Why the US Millitary are Using Video Games for Training

Why the US Millitary are Using Video Games for Training

The debate over whether violent video games are suitable for children – or even adults – has been raging for what seems like all of eternity. Whichever side of the fence you sit on there, world militaries (Especially in the USA) have taken a special interest in the video games industry over the last decade for many reasons, some of which might not be so obvious.  

A little history 

Ever since 1992 with the release of the most controversial game of the time, Mortal Kombat, it has been argued by many that violent video games create violent people. In the modern-day where graphics are starting to become incomprehensibly detailed and gameplay starts to imitate real-life warfare, the debate has become hotter than ever, but science has pretty much firmly kept its observations in place – that there is no provable link between violence in video games and the rate of violent crimes committed in real life. 

Video games can definitely teach you some extremely useful skills. The titanic First-Person Shooter franchises “Call of Duty” and “Battlefield” are the most relevant to the military. These games aim to emulate the real-life experience of soldiers in their chosen era, and developers have become extremely proficient at it.  

Untamed realism 

With dozens of licenses to allow the use of the exact designs of genuine guns, players can receive a detailed understanding of how to correctly operate currently in-service firearms and a basic understanding of how to aim and fire, especially with controllers increasingly being designed to emulate real triggers. 

Along with this, many of these games emulate tactics used by current militaries all over the world and will often even include up-to-date use of military lingo and code. This all serves to immerse players in the game in a way that can also help new army recruits learn some of what they should expect from a real-world battlefield. a lot of people get rainbow six siege boosting to save time, but maybe it’s worth sinking those extra few hours into playing the game yourself and honing your skills if you are considering joining the military.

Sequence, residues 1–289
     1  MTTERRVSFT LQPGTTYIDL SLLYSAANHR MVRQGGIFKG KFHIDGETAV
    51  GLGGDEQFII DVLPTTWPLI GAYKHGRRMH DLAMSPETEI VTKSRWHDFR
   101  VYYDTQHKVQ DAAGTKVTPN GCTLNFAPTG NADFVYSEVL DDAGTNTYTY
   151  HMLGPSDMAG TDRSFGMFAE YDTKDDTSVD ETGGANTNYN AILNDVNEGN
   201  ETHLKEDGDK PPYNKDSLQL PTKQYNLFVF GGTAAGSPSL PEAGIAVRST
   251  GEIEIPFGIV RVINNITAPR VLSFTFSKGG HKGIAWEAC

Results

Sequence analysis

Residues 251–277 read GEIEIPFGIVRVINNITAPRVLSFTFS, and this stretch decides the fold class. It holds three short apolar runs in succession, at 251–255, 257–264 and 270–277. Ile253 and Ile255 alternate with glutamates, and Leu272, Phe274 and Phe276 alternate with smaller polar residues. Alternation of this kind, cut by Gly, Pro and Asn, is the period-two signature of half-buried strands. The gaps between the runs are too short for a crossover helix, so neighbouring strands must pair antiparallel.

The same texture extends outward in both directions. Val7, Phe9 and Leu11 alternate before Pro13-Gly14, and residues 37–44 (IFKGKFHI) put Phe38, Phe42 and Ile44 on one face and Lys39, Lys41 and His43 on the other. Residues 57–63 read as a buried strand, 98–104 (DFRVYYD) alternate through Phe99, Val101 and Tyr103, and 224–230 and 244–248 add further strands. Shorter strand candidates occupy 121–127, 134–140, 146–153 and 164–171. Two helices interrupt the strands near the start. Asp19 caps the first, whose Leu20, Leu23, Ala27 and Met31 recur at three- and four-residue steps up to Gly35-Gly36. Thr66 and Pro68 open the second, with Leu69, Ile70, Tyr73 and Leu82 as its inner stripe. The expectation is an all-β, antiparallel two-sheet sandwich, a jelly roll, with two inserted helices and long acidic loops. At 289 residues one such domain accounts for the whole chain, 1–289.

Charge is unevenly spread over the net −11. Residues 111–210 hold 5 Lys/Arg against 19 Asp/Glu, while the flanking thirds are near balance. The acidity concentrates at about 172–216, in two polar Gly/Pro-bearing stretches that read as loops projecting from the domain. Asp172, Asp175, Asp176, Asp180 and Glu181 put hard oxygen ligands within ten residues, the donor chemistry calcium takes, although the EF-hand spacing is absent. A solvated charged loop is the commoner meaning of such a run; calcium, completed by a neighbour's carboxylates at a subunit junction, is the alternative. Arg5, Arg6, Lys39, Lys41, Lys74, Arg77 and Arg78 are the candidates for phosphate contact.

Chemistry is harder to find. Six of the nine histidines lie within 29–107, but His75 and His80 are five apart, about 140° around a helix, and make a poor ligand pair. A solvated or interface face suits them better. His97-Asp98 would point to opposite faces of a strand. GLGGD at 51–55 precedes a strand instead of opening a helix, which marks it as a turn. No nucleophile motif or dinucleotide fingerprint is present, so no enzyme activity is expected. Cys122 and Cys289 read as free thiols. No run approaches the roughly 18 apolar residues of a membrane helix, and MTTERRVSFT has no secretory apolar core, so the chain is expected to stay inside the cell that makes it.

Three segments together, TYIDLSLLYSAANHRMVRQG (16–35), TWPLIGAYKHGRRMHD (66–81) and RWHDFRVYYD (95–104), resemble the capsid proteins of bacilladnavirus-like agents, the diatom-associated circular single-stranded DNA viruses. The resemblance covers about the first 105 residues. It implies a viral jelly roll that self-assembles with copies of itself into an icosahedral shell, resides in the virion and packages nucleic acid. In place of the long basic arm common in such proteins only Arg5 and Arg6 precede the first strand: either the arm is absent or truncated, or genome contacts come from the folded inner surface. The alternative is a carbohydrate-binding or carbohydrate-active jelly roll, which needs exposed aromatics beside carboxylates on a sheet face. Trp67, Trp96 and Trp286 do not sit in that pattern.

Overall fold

Play to prepare 

Perhaps as a response to this, the US Army has been developing a video game to train new recruits. With a vertical slice available for anyone to play, this program shows that the power of modern games can be used to prepare civilians for combat, even if only in the most basic way.  

Even with games such as Spec Ops: The Line and “Call of Duty 4: Modern Warfare” giving an emotive and semi-accurate depiction of PTSD and the pure horrors of combat, there is currently no way to fully prepare someone for the overwhelming atmosphere of war. With the meteoric rise of VR gaming in the last few years, this is surely going to become untrue within the next decade. 

Sound in mind and body 

Shooters aren’t the only potential training ground for the military of the future. Many tactical games, from RTS games to Tactical RPGs (Role Playing Games, not the weapon!) also aim to emulate genuine army tactics and strategies. With the ultra-real Company of Heroes allowing grand scale control of a battlefield to XCOM displaying a fantasy world with real-life special forces tactics, there are dozens of games that can help you think like a squad – or even a general. 

Even when they don’t aim to show you a real battle, these games can still get your brain ready to think like a tactician. Especially since modern military squad management programs have now started to emulate the designs of some strategy games! 

Drones 

A lesser-known use of video games in the military is with the control of drones and other equipment. Military software developers are extremely resourceful, and the vast majority of drones are not controlled with a joystick and controls like in the movies. Even modern cannons are controlled electronically and piloted by someone using an Xbox One controller. 

As a result, a lot of the targeting software being developed by the US military is being designed with game controllers in mind. This means that even in the back lines of war, having a completely subconscious knowledge of how a controller feels is an invaluable asset to the US military. Even being a pro at Microsoft Flight Simulator can be a considerable factor in being hired as a drone pilot. 

As harrowing as this all might sound, a better-trained military that has fewer people on the front line is a brilliant way to ensure that as few people as possible are hurt in international disputes. Quite a funny thought when you remember that the public opinion on violent video games has been overwhelmingly negative for almost 3 decades.